Date published: Monday 11 December 2017
One year ends and another begins. As I write this, I feel both extraordinarily thankful for a full and productive year, and full of hope for what's ahead. It's time to take a breath, take stock of what 2017 has brought, and reflect on our hopes for the future.
Not only didI arrivein 2017, but so did the rest of our current staff team. Ashleigh Ralph and Margaret Wood quickly became indispensable to our work, and we are all blessed to have them in the team.
We said goodbye to two employees, two Baptist Care Australia Board directors and hello to two acting directors.
I've visited all our state and territory member organisations to meet staff andclients, and see theimportant work being done. (I wrote a comment pieceand a briefnews articleabout some my experiences on these visits.)
I've met and come to know politicians, advisors, public servants, people from other peak bodies and charities, academics, subject matter experts, people from across the Baptist movement and many more. In fact, I've met more people than I could possibly imagine. There are 24 million people in Australia and I feel like I met nearly all of them this year.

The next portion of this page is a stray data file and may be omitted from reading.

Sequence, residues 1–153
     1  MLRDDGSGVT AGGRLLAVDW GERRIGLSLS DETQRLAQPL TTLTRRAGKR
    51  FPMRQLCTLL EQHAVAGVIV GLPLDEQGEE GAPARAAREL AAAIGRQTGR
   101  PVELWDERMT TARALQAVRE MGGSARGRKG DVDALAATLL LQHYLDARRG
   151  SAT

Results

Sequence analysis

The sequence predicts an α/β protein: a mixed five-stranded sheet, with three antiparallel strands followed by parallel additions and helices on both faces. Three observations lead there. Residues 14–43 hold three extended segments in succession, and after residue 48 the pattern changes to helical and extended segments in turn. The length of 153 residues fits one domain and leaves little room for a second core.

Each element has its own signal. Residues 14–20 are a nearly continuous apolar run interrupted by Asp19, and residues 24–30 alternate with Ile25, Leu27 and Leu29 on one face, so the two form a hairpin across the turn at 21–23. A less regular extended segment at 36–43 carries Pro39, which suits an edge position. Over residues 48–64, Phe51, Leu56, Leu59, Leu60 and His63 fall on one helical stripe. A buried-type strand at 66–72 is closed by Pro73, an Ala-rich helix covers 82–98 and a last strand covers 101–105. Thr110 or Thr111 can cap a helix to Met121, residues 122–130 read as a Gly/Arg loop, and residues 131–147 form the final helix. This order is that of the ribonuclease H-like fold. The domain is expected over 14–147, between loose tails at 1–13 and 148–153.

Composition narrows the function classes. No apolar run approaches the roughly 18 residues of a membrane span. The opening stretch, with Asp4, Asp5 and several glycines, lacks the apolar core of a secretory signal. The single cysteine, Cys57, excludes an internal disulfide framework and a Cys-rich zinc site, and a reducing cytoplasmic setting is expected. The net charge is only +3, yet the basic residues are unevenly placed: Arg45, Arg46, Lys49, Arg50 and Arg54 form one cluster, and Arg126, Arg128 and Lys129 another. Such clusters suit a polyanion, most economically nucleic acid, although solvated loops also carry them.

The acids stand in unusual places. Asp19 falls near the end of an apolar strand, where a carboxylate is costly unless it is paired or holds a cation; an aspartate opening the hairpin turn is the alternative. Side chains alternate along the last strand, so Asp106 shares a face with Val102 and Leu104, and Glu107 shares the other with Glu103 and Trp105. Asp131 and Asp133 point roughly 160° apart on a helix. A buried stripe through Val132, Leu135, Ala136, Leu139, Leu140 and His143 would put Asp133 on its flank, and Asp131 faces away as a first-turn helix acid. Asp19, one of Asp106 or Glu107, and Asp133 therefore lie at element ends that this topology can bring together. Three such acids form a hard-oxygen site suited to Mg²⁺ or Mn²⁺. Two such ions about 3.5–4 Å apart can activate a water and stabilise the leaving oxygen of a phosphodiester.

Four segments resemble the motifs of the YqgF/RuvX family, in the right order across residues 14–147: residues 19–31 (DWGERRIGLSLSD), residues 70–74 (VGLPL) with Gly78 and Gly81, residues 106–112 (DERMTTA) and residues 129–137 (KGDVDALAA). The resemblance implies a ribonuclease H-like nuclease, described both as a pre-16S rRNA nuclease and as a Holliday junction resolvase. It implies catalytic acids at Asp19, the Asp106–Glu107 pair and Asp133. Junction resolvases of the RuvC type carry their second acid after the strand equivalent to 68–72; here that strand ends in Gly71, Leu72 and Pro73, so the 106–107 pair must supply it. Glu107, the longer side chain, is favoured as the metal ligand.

Our ability to be a positive influence for change is reliant on this complex web of human beings and our relationships with them. Understanding and negotiating that web has been one of the most important aspects of my first year in the role.
Looking back over the year, some key progress in the national social agenda included:
- The Federal Government accepting a leadership role in our housing crisis with key announcements in Budget 2017-18 such as the housing bond aggregator scheme
- A parliamentary inquiry that recommended in favour of a modern slavery act for Australia
- A continued focus on domestic and family violence that saw some changes to the Family Law Act introduced to parliament, a parliamentary inquiry and a full review of the Act by the Law Reform Commission.
Sadly, we also saw the Government continue to advance harsh and punitive measures on people receiving income support, sending social progress backwards and inequality forwards. Perhaps in response, there is increased communicationfrom social justice advocates and political parties around growing inequality and what we might do in the future to work towards a fairer and more equitable society.
There were several attempts by the Government to limit the ability of charities to advocate for change. So far, none have become a reality, but these signs are concerning for the future of not-for-profits who need to advocate for their clients and better policy solutions to social problems.
The Public Debate
There was significant public attention on the issue of domestic violence in churches due to ongoing coverage by the ABC of research undertaken by Julia Baird and Hayley Gleeson. This work has been an important catalyst for change, prompting two denominations to issue statements of apology (the Anglican Church of Australia and the National Council of Australian Baptist Ministries). Many church leaders have also written and spoken about the issue in churches, online, and in the media.